Schools cannot rely on unilateral threat assessment by teachers and other school personnel.  They need to establish a system whereby all disturbing behaviour by persons at the school is reported to a “vortex” comprised of a central individual or team of individuals with expertise and training in threat assessment.


We should clarify how information, including mental health information, can be shared legally under federal and provincial legislation.  Such guidance should be disseminated to mental health, education, and law enforcement and adequate training provided.


We should consider exceptions to provide for sharing of information with schools that goes beyond the current “imminent danger” exception, and provide that schools and their employees are not liable for good faith efforts to protect students or staff.


As the Supreme Court of Canada stated in September 2008, young persons are afforded additional protections (as expressed in s. 146 of the Youth Criminal Justice Act (YCJA), S.C. 2002, c.l, in force April 1, 2003) in that Parliament satisfied its objective of recognising the reduced sophistication and maturity of such persons.  Aside from whether a police officer has advised a young person as to his or her rights

under our criminal justice system, a police officer may not know the student in particular, thus the possibility that the student may have, for example, a learning disability or behaviour disorder.


What should we be doing?  We should be creating the climate by means of bullying prevention, conflict resolution/life skills and classroom management.  There should be early identification/intervention by means of threat assessment, mentoring and anger management.  Effective responses should include in-school alternatives, functional assessment and restorative justice.


One should actively teach appropriate behaviour through school philosophy and preventive programs, communicate and collaborate with parents, seek to reconnect alienated students through mentoring and anger management, and develop creative options in the school and community to keep even those students who are suspended and expelled engaged in learning.


Teacher, once you send a child to the office you give up a part of your control over that child.  It sends a message to the child that you know you really don’t have control.  Schools should realise that it’s a lot better to handle the discipline within the team [of teachers] if we can because that sends a message to the student that the team has control, not the police.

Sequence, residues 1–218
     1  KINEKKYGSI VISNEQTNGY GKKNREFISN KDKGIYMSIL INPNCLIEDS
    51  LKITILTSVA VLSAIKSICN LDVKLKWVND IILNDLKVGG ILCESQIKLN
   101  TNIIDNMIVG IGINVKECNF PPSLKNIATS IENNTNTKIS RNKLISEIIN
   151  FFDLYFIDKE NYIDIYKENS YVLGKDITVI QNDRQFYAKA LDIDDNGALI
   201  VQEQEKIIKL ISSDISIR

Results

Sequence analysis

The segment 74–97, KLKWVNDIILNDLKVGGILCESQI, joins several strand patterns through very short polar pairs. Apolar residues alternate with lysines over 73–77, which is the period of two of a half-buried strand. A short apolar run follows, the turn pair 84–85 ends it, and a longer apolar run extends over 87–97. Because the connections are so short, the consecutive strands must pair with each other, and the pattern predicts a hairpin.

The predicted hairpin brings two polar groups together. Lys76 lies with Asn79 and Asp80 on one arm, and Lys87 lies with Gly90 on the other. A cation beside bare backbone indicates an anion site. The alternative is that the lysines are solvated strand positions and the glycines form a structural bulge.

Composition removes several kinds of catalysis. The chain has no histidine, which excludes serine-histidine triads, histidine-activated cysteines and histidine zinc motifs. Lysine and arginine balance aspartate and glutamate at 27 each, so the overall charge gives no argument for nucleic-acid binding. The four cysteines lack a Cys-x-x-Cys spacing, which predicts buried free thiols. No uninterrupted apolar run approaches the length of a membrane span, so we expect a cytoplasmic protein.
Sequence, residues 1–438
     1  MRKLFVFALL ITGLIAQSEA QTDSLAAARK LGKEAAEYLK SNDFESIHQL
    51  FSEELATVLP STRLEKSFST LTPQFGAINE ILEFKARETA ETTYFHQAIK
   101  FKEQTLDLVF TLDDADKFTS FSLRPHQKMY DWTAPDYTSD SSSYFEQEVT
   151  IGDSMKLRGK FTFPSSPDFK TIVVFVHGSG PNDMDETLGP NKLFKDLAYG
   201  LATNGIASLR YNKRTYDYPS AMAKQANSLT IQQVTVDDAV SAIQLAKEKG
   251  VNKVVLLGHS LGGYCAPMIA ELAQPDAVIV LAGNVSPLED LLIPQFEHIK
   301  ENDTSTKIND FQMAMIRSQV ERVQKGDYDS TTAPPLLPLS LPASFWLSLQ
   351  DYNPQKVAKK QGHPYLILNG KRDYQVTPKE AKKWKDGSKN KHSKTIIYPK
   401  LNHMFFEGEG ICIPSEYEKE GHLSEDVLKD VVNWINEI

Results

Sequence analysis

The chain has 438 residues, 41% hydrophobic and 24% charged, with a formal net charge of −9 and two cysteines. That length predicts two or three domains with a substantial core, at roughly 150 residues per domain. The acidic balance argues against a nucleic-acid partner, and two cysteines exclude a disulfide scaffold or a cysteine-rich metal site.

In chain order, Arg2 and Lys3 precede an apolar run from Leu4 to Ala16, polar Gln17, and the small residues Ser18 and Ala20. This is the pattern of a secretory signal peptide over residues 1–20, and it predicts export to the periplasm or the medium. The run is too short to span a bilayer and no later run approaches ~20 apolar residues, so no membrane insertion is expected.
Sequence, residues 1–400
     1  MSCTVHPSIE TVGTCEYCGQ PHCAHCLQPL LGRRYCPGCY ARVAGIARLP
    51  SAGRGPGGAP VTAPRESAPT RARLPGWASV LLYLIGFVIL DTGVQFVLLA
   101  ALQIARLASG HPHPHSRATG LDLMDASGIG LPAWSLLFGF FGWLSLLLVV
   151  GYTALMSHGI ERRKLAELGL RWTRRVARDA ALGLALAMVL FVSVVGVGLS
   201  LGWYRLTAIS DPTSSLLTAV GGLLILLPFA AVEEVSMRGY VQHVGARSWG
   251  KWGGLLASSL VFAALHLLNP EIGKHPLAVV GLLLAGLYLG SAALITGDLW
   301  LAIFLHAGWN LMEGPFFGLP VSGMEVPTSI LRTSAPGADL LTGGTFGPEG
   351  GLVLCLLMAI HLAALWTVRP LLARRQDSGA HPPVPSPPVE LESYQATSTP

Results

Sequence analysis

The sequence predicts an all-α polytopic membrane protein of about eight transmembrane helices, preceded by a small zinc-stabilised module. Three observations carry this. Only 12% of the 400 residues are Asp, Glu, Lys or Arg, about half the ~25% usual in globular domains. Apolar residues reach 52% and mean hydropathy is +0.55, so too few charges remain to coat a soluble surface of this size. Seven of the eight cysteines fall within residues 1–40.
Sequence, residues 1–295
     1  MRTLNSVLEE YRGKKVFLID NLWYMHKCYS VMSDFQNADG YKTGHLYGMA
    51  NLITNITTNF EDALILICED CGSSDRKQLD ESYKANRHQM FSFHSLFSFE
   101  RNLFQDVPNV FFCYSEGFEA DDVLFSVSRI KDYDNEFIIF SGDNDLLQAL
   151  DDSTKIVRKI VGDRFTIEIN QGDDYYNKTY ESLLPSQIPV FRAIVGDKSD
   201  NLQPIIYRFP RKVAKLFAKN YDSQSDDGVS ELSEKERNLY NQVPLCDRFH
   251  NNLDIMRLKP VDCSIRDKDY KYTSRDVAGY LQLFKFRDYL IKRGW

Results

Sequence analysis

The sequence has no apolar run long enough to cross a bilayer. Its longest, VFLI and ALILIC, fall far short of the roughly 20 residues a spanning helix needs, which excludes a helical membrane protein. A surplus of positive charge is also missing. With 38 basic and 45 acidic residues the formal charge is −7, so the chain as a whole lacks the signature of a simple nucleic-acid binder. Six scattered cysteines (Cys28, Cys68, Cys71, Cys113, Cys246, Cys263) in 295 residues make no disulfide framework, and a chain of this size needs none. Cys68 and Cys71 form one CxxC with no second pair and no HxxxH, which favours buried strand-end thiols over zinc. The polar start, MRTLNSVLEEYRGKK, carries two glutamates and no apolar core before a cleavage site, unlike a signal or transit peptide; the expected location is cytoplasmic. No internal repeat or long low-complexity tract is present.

There are many character values:  respect, cooperation, honesty, perseverance, caring and courage.  We must see this everywhere, in the hallways, on bulletin boards, in the classrooms.  We must end up having our kids very respectful to one another and willing to work cooperatively.


Since the New York Police Department (NYPD) took control of school safety in 1998, the number of police personnel in schools and the extent of their activity have skyrocketed.  At the start of the 2005-2006 school year the city employed a total of 4,625 School Safety Agents (SSAs) and at least 200 armed police officers assigned exclusively to schools.  These numbers would make the NYPD’s School Safety Division alone the tenth largest police force in the country.


In New York, because these school-assigned police personnel are not directly subject to the authority of school administrators, and because they often have not been adequately trained to work in education settings, they often arrogate to themselves authority that extends well beyond the narrow mission of securing the safety of the students and teachers.  They make students feel diminished, and are wholly incompatible with a positive educational environment. 


Everyone wants our schools to be safe.  Police personnel assigned to schools must be trained to work in school environments.  Educators may be powerless to curtail inappropriate behaviour by police personnel by assigning officers to schools without placing them under the authority of principals and school administrators.